U and I: A True Story

U and I: A True Story



The Pequod Review:

U and I is one of Nicholson Baker's more underrated books, a highly personal literary biography of John Updike that explores how Baker has been influenced by Updike's fiction throughout his life. Baker takes the unusual approach of writing the biography purely from memory (rather than consulting the specific text of Updike's books) — what he calls "memory criticism, understood as a form of commentary that relies entirely on what has survived in a reader's mind from a particular writer over at least ten years of spotty perusal." The book traces not only Baker's respect for Updike's prose but also his own desire as a writer to transcend Updike's influence — a tension that I'm sure many creative individuals deal with.

And Baker has a lot of good insights on literature and the writing process: 

On the first of November I wrote at length about my ingrown toenail. But it just wasn't enough. Without some sort of anxiousness writing loses its charm... Doubt, anxiousness, the nibbled lower lip, have to constitute the medium for most great works: Nabokov’s emigration to the States and struggle to switch languages and make a living here, to the extent that it temporarily heightened the uncertainty of a constitutionally highly assured man, was what made possible Pnin and Speak, Memory, my two favorites.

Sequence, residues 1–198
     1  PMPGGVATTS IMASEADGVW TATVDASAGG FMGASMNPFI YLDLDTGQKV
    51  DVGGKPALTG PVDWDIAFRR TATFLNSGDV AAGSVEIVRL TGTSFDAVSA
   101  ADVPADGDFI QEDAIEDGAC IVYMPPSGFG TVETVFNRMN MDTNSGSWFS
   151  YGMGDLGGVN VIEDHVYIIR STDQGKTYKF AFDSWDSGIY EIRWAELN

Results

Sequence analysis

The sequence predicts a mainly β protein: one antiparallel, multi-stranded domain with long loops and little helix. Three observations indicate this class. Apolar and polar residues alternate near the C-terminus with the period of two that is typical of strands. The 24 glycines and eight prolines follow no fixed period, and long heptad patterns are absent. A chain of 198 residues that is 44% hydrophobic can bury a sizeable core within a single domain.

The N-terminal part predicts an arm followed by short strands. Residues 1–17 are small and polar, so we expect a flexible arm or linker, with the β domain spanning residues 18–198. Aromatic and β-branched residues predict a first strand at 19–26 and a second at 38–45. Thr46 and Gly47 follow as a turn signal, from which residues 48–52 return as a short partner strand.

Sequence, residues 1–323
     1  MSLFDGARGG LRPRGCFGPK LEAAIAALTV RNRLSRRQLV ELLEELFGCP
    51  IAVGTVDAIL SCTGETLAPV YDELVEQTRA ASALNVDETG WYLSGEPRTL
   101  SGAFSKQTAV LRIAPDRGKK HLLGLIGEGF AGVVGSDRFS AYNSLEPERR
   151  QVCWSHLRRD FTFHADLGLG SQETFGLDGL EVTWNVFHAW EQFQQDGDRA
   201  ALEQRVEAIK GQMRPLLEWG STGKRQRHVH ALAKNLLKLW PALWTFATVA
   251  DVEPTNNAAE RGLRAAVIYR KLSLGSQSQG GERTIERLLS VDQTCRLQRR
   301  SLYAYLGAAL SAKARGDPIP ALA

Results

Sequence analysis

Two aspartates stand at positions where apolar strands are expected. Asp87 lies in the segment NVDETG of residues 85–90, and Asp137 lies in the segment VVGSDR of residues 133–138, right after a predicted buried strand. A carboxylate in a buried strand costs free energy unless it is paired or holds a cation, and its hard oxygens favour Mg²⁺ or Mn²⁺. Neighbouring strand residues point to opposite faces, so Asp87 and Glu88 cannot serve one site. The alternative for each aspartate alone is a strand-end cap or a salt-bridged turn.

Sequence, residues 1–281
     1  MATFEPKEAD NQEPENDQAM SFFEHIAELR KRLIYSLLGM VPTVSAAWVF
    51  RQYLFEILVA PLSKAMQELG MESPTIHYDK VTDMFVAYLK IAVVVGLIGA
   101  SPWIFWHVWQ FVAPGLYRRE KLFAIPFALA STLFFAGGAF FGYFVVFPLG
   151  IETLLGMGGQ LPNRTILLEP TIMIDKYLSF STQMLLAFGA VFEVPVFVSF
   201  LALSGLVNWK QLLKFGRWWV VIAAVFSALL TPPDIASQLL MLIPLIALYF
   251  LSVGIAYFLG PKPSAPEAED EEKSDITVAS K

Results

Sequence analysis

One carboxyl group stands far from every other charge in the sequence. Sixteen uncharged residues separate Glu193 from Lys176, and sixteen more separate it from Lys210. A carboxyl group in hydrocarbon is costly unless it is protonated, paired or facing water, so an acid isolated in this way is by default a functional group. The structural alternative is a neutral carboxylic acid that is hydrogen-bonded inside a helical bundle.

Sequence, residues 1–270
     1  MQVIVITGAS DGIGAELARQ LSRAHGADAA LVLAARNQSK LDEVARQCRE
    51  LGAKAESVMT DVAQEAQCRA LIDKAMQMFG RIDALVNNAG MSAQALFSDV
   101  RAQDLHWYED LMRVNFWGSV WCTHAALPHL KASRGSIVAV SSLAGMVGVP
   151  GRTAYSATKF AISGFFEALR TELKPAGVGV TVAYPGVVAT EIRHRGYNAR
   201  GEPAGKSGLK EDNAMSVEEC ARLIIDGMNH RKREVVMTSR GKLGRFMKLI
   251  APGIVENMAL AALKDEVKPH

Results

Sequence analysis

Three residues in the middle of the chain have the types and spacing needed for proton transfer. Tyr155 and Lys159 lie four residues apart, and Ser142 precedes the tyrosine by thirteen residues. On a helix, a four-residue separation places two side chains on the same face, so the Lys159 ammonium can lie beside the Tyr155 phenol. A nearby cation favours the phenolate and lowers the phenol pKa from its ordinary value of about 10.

The novel is the greatest of all literary forms — the most adaptable and subspecialty-spanning and roomiest and most selfless, in the sense of not imposing artificialities on its practitioners and letting the pursuit of truth pull it forward — and as a result one recognizes the need to posit a certain variety of accompanying intelligence that is itself more adaptable, more multiplanar, sloppier, more impatient of formal designs, roomier, and more truth-drawn than other kinds, a variety that Proust, for instance, has a whole lot of. But what I have only slowly begun to see, over the past five years, is the dreadful degree of inefficiency and outright waste there is in the transmutation of this invisible and evasive, but real, intelligence into a piece of readable prose. You have to be at least twice as smart internally as you hope to be demonstrably in your writing. Therefore, in judging Updike’s aptitudes that afternoon in the cafeteria, my now-wife was undershooting their true magnitude by half. Updike is a better writer than I am and he is smarter than I am — not because intelligence has no meaning outside the written or spoken behavioral form it takes, but because all minds, dumb and smart alike, do such a poor job of impanating their doings in linear sentences.

Baker also has some funny lines on Updike, as when he notes that Updike's sentences were often structured in the form of: "her blank seemed, in its blinkety blankness and blanketed blinkness, almost blonky in the late afternoon blonk."

U and I can often be self-indulgent and ponderous, but its best moments contain more original insights and play of fancy than most literary studies.